Wall Street Journal Examines Prospects for Prescription Drug Reimportation Bill
The Wall Street Journal on Tuesday examined how legislation that would allow U.S. residents to purchase prescription drugs from other nations "could be one of the few bills to draw bipartisan support this election year." According to the Journal, "Democrats are eager to do something that they can say will lower drug prices" and some Republicans "want to show that they, too, can be tough on the unpopular drug industry" (Lueck/Wilde Mathews, Wall Street Journal, 4/13). Sen. Chuck Grassley (R-Iowa) last week introduced a bill (S 2307) that would allow people in the United States to purchase medications from Canada (Fagan, Washington Times, 4/11). The legislation would create a 90-day deadline for FDA to develop a system to register and inspect Canadian suppliers. After that, U.S. consumers would be able to purchase prescription drugs only from Canadian companies that have been inspected and registered by FDA. After two years, the bill would allow the reimportation of prescription drugs from other countries, including Australia, Japan and members of the European Union. To reimport prescription drugs, U.S. consumers would need to obtain prescriptions from U.S. doctors and could only purchase treatments approved by FDA. The bill would not allow the reimportation of some types of prescription drugs, including potentially addictive painkillers. Grassley said that the cost of setting up an FDA inspection and registration system would be covered by fees paid by the Canadian exporters (California Healthline, 4/9). Earlier reimportation bills "were largely political theater" that allowed lawmakers to vote for importing drugs but gave the administration the authority to block imports, the Journal reports. However, Grassley's bill "demonstrates that Congress is looking more seriously at how to safely import drugs than ever," according to the Journal. Sens. Judd Gregg (R-N.H.) and Byron Dorgan (D-N.D.) each are working on their own reimportation bills, and Sens. John McCain (R-Ariz.) and Olympia Snowe (R-Maine) are discussing a measure, the Journal reports. "My guess is that [lawmakers] will be able to coalesce around something," Snowe said.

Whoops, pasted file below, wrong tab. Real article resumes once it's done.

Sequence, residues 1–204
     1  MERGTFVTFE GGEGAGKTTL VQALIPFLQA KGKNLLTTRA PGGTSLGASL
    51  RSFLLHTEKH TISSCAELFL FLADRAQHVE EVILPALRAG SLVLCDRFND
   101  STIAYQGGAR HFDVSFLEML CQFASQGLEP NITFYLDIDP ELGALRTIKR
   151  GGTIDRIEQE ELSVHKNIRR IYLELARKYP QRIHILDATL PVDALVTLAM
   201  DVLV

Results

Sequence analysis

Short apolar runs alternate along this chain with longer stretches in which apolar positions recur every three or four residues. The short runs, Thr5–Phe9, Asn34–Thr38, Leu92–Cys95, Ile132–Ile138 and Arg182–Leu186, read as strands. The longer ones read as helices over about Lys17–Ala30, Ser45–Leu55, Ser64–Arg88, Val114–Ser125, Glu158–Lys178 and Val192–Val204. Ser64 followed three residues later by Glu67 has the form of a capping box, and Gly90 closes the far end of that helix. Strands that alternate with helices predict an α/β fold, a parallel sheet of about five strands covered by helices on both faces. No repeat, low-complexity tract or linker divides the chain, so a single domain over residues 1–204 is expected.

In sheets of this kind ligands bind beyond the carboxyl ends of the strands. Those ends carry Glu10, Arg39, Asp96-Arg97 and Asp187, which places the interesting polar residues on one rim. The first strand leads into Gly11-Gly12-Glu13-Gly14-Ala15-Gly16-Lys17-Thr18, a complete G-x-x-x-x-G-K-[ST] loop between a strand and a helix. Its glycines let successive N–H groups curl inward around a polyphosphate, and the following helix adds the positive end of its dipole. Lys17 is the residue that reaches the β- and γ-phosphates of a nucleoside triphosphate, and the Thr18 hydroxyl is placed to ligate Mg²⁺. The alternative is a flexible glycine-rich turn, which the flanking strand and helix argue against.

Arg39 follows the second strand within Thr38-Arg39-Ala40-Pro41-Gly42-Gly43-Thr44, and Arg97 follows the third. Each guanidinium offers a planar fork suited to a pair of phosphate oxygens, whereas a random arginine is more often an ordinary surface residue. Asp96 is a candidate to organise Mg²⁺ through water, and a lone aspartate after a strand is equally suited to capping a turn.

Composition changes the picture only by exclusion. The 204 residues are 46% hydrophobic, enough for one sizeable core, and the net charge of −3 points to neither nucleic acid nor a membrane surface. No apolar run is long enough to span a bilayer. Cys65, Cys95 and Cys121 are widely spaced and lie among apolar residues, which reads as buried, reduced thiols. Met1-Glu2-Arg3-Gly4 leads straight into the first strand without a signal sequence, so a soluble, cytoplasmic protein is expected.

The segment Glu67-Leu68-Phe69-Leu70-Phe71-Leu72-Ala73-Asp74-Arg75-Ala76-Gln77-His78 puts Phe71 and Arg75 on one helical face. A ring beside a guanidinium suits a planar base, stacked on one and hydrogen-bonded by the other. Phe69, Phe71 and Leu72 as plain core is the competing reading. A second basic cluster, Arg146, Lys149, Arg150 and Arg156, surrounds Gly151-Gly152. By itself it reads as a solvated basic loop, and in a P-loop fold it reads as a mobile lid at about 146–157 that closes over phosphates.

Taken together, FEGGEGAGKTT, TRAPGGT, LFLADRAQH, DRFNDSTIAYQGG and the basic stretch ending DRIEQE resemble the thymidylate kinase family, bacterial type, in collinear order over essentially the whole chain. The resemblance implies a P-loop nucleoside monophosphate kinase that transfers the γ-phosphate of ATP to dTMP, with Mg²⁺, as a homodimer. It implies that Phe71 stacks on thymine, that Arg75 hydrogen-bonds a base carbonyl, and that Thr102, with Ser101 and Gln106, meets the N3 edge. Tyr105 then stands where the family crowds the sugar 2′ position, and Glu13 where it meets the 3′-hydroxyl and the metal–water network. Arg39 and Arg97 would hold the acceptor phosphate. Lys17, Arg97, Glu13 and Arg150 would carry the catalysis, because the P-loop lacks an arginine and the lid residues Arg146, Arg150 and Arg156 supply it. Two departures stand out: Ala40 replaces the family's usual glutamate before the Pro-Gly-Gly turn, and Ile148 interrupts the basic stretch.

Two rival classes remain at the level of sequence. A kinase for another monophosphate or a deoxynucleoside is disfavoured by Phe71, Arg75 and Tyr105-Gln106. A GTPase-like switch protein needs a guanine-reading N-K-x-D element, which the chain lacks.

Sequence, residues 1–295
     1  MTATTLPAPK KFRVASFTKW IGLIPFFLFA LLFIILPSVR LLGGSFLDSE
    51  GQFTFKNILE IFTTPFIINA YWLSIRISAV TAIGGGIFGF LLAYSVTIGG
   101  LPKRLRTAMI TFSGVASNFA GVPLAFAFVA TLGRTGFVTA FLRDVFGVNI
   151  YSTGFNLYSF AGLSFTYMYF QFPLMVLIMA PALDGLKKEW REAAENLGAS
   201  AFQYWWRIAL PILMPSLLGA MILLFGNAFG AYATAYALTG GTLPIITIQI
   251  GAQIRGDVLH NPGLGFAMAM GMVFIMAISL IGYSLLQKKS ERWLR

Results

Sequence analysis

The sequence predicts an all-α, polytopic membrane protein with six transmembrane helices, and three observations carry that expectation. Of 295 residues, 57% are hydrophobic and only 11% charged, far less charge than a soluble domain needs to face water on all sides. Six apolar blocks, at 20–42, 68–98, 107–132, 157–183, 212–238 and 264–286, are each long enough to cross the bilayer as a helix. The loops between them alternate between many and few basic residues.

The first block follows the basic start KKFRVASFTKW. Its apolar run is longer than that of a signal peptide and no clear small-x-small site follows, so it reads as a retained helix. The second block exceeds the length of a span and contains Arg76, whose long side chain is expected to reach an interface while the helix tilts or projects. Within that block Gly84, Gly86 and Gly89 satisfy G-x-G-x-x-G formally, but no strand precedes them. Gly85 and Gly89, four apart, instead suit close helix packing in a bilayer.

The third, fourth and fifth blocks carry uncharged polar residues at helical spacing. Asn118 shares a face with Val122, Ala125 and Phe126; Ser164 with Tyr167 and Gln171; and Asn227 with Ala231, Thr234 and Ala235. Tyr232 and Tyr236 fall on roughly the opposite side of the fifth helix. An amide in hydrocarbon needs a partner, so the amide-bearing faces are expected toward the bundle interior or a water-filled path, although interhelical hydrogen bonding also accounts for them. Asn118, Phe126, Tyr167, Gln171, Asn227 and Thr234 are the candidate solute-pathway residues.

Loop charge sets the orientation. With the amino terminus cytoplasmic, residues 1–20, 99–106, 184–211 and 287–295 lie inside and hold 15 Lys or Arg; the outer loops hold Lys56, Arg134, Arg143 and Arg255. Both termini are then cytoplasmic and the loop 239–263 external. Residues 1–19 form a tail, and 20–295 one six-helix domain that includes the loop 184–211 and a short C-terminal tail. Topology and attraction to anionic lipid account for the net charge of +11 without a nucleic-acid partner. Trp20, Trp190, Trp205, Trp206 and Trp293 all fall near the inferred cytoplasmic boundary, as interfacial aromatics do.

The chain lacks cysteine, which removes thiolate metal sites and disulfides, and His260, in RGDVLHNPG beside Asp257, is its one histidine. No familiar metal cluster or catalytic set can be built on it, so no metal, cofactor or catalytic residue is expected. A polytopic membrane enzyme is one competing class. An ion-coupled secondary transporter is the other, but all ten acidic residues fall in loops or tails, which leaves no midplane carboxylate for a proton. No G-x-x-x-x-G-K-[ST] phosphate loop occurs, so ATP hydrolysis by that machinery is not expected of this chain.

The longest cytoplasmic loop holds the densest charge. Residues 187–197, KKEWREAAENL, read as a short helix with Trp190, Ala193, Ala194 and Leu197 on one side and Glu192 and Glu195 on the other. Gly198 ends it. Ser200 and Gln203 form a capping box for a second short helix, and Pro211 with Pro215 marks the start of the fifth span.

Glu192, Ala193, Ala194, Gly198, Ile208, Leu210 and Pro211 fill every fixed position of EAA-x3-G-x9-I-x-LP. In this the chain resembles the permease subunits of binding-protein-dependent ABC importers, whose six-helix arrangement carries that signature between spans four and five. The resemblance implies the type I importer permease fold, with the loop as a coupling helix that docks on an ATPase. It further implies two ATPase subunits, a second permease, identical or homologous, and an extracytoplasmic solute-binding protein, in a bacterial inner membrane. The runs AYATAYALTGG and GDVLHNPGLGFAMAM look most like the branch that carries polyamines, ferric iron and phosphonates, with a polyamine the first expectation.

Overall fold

According to the Journal, the drug industry "can't even be sure of continued opposition to drug imports from the Bush administration," which has appointed a task force to study how to reimport drugs safely as part of the new Medicare law (Wall Street Journal, 4/13). The 13-member Task Force on Drug Importation, whose members were appointed by HHS Secretary Tommy Thompson, can consult with other federal officials and will hold a total of six "listening sessions" with consumer advocates, health care purchasers, providers, health care industry representatives, international stakeholders and the public. The results of the study must be reported to Congress by Dec. 1, although Thompson wants the task force to finish by mid-summer (California Healthline, 4/7). According to the Journal, the early deadline for the results of the study "has the industry braced for the possibility that the administration might propose a limited experiment with imports before the election." An unnamed lobbyist for the drug industry said, "There's this huge tidal wave. I think it's just getting harder and harder even for people that have some sense to hold off this terrible crashing wave." However, the Journal reports that "the partisan bickering -- and the short, election-year legislative session -- leads some Capitol Hill insiders to predict no [reimportation] legislation will emerge this year." In addition, the Journal reports there are "tough legal and technical issues" surrounding the reimportation issue, including patent law, which "might throw up an unexpected barrier." According to the Journal, patent law could give drug companies "an opening to sue the foreign seller or U.S. buyer [of reimported drugs] for patent infringement," and changing patent law would affect products other than prescription drugs and "raise broader trade questions." In addition, determining if reimported drugs contain the same active ingredient as FDA-approved drugs would be a "major, massive challenge," former FDA official Carl Peck of Georgetown University said (Wall Street Journal, 4/13).This is part of the California Healthline Daily Edition, a summary of health policy coverage from major news organizations. Sign up for an email subscription.